I keep reading that I should limit—even severely—the descriptions of my characters. Yesterday, I read a 2001 article in The New York Times by the late author, Elmore Leonard, titled “Easy on the Adverbs, Exclamation Points and Especially Hooptedoodle.” It was from their WRITERS ON WRITING series. Point 8 said, “Avoid detailed descriptions of characters.” It went on to say, “Which Steinbeck covered. In Ernest Hemingway’s ‘Hills Like White Elephants’ what do the ‘American and the girl with him’ look like? ‘She had taken off her hat and put it on the table.’ That’s the only reference to a physical description in the story, and yet we see the couple and know them by their tones of voice, with not one adverb in sight.” I would guess, you might envision these characters as white Americans, as I did.
I understand this concept. It allows the reader to become part of the creation of the story—to become vested in the characters. I think it might be outdated. When we let readers create their own images of our characters, they will more than likely view them as white, and probably with light hair and blue eyes. In American media, we are completely conditioned to do so—even consumers who are not white.
My characters are predominantly brown. They come from mixed places and cultures—much like our own America. I feel it is important to make it clear that my protagonist would not be played by one of the Chris’s—Hemsworth, Evans, Pine, Pratt. I would choose someone like Jeffrey Bowyer-Chapman. I do not know how to do this without describing him in vivid detail.
In the first scene of “Tishta the Crystal Orb,” Coltan arrives.
“He was a large, muscular man, about the same size as Malcan—but that is where the similarity stopped. His dark walnut hair was neatly cut to just above his shoulders. As he turned, one wavy lock fell over his brow, above expressionless brown eyes. His hand ran up over his head, integrating it into the rest of his hair. He wore a well-tailored black riding coat, and black boots that came halfway up his calves—he looked like a gentleman, out for an evening ride.”
I attempted to do a couple of things here—and maybe it is too descriptive. He is a big guy. Even though he is traveling, he keeps himself neat and clean. But, I also described his wavy, walnut-colored hair and brown eyes. Later, I describe his skin.
An issue one of my early readers had was that I described everyone’s hair in the first two chapters. But that is where I introduced the majority of my main characters, and there are a lot of them—eleven, at least. That was a lot of hair. I have since removed some of those descriptions and put them in later chapters—I still think it is important to note that it is not blond and straight. Well, actually, one of them is currently golden-haired, but I need to make her darker to fit in with the place she is from, as well as make her physically more similar to her cousin, who is another one of travelers.
Even Malcan and Brant, the two fairest among the group—with blue eyes—have dark hair. Brant’s is black. Malcan’s is dark auburn.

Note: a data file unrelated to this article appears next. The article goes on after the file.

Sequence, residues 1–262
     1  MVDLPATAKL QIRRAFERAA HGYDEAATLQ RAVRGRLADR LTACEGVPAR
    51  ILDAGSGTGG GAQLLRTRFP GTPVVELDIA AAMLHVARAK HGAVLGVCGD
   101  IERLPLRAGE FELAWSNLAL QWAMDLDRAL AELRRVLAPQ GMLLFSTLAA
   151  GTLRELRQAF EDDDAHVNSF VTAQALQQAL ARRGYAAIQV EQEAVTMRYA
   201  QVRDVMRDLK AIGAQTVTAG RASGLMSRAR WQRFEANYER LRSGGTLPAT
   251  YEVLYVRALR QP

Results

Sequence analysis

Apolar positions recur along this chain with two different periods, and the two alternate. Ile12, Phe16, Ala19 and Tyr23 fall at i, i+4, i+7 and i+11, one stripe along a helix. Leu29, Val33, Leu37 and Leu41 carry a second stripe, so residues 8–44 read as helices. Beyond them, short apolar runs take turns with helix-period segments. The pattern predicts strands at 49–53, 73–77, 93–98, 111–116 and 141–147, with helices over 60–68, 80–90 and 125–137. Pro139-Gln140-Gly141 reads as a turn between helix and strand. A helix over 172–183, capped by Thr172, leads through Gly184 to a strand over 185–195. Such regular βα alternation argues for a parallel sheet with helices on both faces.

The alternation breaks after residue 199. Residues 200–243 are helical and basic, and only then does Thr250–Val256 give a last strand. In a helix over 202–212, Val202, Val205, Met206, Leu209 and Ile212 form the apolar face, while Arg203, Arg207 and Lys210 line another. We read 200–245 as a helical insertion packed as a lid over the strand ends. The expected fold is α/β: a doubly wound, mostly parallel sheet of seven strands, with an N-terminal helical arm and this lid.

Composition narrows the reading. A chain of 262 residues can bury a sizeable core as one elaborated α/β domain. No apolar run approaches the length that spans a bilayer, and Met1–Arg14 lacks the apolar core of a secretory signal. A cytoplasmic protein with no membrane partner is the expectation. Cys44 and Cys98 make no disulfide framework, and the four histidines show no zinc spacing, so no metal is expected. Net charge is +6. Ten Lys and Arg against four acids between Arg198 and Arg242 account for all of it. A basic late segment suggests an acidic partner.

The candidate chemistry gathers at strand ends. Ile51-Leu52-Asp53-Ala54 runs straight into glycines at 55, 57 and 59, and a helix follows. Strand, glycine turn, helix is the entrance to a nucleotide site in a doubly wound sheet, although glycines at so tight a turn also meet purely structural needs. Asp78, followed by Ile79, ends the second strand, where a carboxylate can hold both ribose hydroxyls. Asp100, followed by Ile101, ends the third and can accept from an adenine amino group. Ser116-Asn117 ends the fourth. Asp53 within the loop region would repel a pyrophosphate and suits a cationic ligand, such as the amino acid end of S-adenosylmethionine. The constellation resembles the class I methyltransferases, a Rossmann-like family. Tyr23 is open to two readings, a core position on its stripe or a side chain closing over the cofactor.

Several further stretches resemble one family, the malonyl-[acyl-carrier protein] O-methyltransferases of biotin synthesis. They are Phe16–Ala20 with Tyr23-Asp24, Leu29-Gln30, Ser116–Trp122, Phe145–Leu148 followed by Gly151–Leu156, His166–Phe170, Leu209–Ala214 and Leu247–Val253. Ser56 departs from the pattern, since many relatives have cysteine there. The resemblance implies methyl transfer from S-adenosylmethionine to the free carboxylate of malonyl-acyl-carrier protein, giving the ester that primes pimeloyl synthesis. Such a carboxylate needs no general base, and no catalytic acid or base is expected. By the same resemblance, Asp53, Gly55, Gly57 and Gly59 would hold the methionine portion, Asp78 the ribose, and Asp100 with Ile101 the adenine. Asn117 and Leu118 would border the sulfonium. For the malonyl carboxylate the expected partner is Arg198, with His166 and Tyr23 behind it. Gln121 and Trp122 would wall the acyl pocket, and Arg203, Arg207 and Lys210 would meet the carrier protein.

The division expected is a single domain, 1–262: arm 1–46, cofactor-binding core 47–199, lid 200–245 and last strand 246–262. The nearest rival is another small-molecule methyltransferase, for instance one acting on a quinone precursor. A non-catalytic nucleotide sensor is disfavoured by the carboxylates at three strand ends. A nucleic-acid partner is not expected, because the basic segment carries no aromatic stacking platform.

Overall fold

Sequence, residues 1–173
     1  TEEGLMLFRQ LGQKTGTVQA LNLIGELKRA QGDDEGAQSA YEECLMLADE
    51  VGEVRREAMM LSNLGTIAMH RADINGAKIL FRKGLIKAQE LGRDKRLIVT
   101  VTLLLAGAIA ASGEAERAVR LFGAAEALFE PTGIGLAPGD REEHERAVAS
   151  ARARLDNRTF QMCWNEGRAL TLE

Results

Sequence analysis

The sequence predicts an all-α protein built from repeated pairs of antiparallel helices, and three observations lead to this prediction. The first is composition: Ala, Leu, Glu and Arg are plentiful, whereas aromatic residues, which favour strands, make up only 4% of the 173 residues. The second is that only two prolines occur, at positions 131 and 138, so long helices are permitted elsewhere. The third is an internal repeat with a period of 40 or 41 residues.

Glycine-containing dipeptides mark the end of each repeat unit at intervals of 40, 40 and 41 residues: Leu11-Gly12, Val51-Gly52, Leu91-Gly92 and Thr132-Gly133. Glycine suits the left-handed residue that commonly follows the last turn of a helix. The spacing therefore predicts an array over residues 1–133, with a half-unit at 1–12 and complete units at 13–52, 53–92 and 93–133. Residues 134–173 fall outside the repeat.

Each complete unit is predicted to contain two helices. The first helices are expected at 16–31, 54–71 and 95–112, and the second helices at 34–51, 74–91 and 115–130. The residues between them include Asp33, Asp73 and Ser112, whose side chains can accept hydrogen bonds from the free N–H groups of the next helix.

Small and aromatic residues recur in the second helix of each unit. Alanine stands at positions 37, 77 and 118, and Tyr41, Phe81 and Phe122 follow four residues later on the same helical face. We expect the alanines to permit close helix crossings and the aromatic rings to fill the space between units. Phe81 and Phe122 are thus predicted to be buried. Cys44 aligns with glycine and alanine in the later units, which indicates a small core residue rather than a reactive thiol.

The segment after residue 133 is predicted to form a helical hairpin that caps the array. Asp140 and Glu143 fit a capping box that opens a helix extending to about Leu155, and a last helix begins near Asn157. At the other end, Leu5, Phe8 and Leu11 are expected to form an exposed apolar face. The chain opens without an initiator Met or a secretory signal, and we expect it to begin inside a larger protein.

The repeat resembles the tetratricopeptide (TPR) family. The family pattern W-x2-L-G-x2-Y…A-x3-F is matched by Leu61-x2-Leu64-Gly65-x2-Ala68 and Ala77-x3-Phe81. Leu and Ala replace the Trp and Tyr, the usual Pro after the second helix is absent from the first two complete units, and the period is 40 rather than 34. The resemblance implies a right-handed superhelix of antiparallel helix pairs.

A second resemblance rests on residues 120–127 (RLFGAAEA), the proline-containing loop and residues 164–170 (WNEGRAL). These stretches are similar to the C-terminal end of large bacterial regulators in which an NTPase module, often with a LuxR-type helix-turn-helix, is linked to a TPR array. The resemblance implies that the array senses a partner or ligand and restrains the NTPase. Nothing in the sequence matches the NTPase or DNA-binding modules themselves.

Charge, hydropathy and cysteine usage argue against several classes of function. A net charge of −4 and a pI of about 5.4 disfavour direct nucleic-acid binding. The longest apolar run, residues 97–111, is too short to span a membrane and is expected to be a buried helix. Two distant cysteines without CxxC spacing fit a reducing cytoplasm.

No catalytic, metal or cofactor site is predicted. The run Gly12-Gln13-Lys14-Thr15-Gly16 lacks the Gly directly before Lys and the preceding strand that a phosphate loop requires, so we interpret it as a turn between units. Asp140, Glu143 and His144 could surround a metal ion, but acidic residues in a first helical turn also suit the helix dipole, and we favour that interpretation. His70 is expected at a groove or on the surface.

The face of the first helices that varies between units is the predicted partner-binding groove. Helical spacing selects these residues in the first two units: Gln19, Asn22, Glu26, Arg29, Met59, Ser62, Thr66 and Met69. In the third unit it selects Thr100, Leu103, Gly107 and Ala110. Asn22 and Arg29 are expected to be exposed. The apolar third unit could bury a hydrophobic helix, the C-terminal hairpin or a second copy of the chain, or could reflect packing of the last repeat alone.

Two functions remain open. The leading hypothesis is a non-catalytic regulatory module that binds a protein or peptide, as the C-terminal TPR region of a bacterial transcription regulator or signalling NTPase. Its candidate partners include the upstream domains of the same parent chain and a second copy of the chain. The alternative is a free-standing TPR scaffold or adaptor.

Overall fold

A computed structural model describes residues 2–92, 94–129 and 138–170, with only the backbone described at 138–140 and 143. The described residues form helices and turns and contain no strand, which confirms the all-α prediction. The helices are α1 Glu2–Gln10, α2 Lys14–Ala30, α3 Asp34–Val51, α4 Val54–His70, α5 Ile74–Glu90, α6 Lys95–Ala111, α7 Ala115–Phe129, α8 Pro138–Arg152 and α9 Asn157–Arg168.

My lead warrior, Gillan, and her side-kick lover, Toran, are from a place where everyone is what we would call black. Their skin is very dark, their eyes are nearly black, and Gillan’s black hair is softly curled. How can I not describe at least some of that the first couple of times they are introduced?
“Shortly after the sun passed its zenith, Gillan slowed her horse while she removed the cord that bound her black hair. She shook out the curls before retying it.”
In the same scene, I described the boy, Kano. While he is not black, he is… well, I’ll let you read it.
“She was surprised to find a young boy, no more than eight or nine, sitting in a ray of sun.
His clothing, skin, and even his long, straight hair, so nearly matched the color of the russet and tan stones around him, he almost blended in with them. Laying beside him were a quiver of arrows, a bow and a small pack.”
Again, I think it is very important to describe him in this much detail when he is introduced, and not let the reader envision him as a white boy.
Ever since I first pictured my very large warrior, Toran, I have seen Isaiah Mustafa in my mind. If I was casting Tishta as a film, Mustafa would probably be my first choice, although, he is a little old to play my 30-year-old warrior. One night, a couple of years ago, I had the pleasure of eating dinner with Mustafa. Toran embodies a lot of Isaiah—big, handsome, beautiful smile, polite, deep booming voice (not the Old Spice voice).
Interestingly, in all of the early descriptions of Toran, I just discovered I do not describe him beyond how large he is. Now, I wonder if my readers assume he is as dark as Gillan, since they are a couple. And, I wonder if my transposition of Mustafa onto my character made it so I found no need to describe him. Writing about things like this always seem to lead me to some new revelation. I shall undertake an investigation of all descriptions of Toran.
I am interested to know how other writers overcome the assumption of their readers that their characters are white. Let me know in the comments.
Copyright ©2014-17 Ramona Ridgewell. All rights reserved.